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May 13, 2011 10:01 pm
Swirling willow leaves, strawberry-thieving birds, statuesque thistles and rose-filled trellises: the designs of William Morris are striking, busy and instantly recognisable. Today, Morris designs can be found in both mansions and modest houses, and have even inspired contemporary artists. One hundred and fifty years on from the creation of his company, it is not just Morris’s designs, but also his underlying ethos, that is being re-examined.
When Morris set up Morris, Marshall, Faulkner & Company (later known as Morris & Co) in 1861, his aim was to produce finely made, decorative items that would be available to all. Morris was critical of the mass-produced products of the industrial revolution and the damaging effect of industry on people’s lives. Two years earlier, Morris and his friends (who included the artists Edward Burne-Jones and Dante Gabriel Rossetti and architect Philip Webb) had designed and decorated Red House, his first marital home, in Bexleyheath. The style was almost medieval; handcrafted tapestries and textiles, stone floors, oak staircases and stained glass. “To my mind,” says Michael Parry, archivist and former managing director of Sanderson (which now owns Morris & Co) “that [Red House] was the catalyst for him thinking ‘hang on a minute, I don’t like what I see in the marketplace, it’s all hideous Victorian stuff, let’s do something on our own’.”
Despite dabbling in embroidery, carpet-making, poetry, literature, politics and publishing, it is Morris’s traditional block-printed wallpapers for which he is most remembered, and which gained Morris & Co a following. Morris designed more than half the company’s collection of about 100 wallpapers, which were block-printed by Jeffrey & Company. Although Morris died in 1896 and Morris & Co was liquidated in 1940, Sanderson’s purchase of the company’s archives allowed the designs to live on.
The “flower power” movement of the sixties and seventies inspired Sanderson to replace the traditional Morris colour palette with browns, yellows and acid greens. Then, in the eighties, Sanderson made an economically savvy decision to convert some of the traditionally made block-prints (which were expensive to manufacture) into machine prints, and launched a collection of wallpapers and matching fabrics. Morris & Co had finally brought the designs to the masses – albeit using the sort of industrial production techniques that Morris had railed against.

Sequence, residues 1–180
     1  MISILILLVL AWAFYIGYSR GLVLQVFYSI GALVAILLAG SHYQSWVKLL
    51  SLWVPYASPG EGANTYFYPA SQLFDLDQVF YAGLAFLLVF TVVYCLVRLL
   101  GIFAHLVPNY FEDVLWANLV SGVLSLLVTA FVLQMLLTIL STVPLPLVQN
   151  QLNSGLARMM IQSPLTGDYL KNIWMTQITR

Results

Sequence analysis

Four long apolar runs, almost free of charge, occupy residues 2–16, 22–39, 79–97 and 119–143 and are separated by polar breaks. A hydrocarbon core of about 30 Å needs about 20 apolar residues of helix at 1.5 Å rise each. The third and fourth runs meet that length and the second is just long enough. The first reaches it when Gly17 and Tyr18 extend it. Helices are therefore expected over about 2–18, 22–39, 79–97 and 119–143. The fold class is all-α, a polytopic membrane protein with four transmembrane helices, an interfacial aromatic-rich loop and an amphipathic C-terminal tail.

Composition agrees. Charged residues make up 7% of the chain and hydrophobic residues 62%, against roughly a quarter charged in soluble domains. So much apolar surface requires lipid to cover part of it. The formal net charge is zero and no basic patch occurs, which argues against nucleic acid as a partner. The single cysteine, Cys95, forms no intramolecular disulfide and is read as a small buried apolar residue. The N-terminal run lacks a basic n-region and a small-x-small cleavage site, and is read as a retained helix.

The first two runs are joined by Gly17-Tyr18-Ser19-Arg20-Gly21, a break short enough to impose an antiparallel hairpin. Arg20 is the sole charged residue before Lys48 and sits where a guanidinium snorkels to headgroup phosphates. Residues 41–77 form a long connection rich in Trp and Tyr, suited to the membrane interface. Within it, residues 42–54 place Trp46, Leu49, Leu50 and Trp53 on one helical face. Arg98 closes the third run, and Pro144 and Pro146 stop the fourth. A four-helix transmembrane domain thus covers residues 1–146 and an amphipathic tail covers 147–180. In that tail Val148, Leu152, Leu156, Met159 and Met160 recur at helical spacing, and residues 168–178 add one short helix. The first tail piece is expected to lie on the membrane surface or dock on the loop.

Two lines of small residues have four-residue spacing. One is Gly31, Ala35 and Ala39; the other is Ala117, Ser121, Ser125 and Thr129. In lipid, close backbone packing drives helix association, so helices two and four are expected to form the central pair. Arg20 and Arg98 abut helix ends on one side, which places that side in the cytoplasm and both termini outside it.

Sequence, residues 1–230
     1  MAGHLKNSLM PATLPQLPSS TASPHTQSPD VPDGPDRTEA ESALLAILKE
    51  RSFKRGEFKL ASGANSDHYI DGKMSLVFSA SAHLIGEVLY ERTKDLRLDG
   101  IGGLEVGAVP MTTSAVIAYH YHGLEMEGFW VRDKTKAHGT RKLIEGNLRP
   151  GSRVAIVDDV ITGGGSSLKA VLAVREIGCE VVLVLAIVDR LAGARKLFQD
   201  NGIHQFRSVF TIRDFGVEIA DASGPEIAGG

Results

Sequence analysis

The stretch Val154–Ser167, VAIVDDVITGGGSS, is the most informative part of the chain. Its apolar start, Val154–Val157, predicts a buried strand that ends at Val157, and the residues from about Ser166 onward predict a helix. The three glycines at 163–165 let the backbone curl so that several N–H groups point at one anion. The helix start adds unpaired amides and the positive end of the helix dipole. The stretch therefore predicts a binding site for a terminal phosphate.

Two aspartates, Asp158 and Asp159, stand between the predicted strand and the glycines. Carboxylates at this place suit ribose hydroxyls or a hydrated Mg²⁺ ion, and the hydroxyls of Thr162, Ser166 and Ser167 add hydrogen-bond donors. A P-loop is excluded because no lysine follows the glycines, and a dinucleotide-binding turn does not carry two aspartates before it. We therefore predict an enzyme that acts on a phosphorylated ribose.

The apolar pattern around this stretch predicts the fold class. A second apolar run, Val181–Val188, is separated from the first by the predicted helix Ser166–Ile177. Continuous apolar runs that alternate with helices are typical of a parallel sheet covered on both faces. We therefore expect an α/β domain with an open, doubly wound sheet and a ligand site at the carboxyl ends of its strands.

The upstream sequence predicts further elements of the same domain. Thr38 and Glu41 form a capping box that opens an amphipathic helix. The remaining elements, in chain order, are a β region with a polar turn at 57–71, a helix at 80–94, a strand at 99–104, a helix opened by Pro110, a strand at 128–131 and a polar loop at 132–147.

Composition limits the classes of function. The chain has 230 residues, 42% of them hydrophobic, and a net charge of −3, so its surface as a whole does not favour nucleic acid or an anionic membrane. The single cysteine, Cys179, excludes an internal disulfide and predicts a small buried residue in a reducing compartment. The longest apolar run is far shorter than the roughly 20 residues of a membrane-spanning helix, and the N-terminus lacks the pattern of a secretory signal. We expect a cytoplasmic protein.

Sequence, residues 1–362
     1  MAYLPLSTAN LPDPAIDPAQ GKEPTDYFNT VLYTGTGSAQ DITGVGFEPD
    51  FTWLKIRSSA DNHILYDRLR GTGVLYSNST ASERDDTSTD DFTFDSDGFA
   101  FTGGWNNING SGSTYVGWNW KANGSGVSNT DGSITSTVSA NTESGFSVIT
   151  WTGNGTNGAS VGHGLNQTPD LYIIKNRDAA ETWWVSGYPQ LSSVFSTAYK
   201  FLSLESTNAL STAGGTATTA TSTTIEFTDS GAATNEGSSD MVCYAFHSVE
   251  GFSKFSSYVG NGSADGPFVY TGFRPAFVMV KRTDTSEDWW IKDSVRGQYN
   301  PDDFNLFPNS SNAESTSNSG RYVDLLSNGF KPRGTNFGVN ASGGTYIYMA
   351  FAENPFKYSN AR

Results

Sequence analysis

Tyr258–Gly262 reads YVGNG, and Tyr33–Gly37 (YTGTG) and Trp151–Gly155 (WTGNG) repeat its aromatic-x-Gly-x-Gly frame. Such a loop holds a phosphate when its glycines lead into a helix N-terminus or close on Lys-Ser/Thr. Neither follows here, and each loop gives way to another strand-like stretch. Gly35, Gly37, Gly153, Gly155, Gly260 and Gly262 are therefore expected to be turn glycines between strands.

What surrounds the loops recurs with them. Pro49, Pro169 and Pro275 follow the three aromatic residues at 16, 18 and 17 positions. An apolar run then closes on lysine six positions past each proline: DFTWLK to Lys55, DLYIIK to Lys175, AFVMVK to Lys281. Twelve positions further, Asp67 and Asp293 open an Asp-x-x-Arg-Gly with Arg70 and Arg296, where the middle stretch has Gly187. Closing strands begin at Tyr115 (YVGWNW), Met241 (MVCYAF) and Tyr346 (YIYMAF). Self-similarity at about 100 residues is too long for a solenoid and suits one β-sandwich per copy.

Over the years the Morris patterns have enjoyed worldwide popularity. The most successful international market, by a long way, is Japan, according to David Walker, sales director of Morris & Co. He says that Morris & Co papers and fabrics account for more than 50 per cent of Sanderson’s total sales in the country. The designs are also popular in the USA, Sweden and Russia, and sales figures in these countries are higher than those in western Europe – in the UK, Morris & Co products account for about 20 per cent of Sanderson’s sales.
To mark the 150th anniversary, Morris & Co has launched archive collections of wallpapers and textiles, celebrating popular designs and drawing on textiles from Morris’s former residences. Helen Elletson, curator of Kelmscott House, Morris’s former London house and the home of the William Morris Society, believes Morris designs still have a real relevance in the 21st century, not just in terms of their aesthetic appeal but in terms of their ideals. “People have discovered a bit more about Morris – it is not just the patterns. Morris had strong beliefs in handmade items being produced to the best quality. People are appreciating this all over again.”
The new archive collections will not appeal to everyone. There are those who find the typically bright and bold florals in Morris’s designs too much – especially when overused. Parry says that this approach is by no means indicative of the look Morris intended to create. “Morris was really a minimalist and yet when people bought his products, they actually used it in that Victorian cluttered style,” says Parry, “which I would have thought would have been a bit of an odd thing for him to comprehend. If you go to Red House, it is really sharp. Simple oak, a bit of glass. Slick and smart.”
Peter Rolls of the interior design consultancy The Design House Winchester has seen an increased interest in Morris wallpapers in the past 10 years. He regularly uses the designs in both period and contemporary interiors, although, he stresses, quite sparingly: “The real McCoy 30 or 40 years ago was the matching wallpaper, the matching curtains – you’d walk into a room and you couldn’t see your way out, but now we use it more as an accent, to give a strong note in a room.” Rolls believes that it is the craftsmanship of the Morris designs which is attractive to people today. “There are very few things that have survived 150 years because most of them just look passé.”
Today, as in Morris’s time, handcrafted products come at a price. Morris & Co’s traditional block-printed wallpaper, still available on request, costs upwards of £200 ($327) a roll. In contrast, the latest archive collection, like the eighties collection, is machine-made and comes in at a substantially lower price (from £38 a roll). A century-and-a-half on, it seems Morris’s dream of handcrafted products for the masses has yet to be fully realised.
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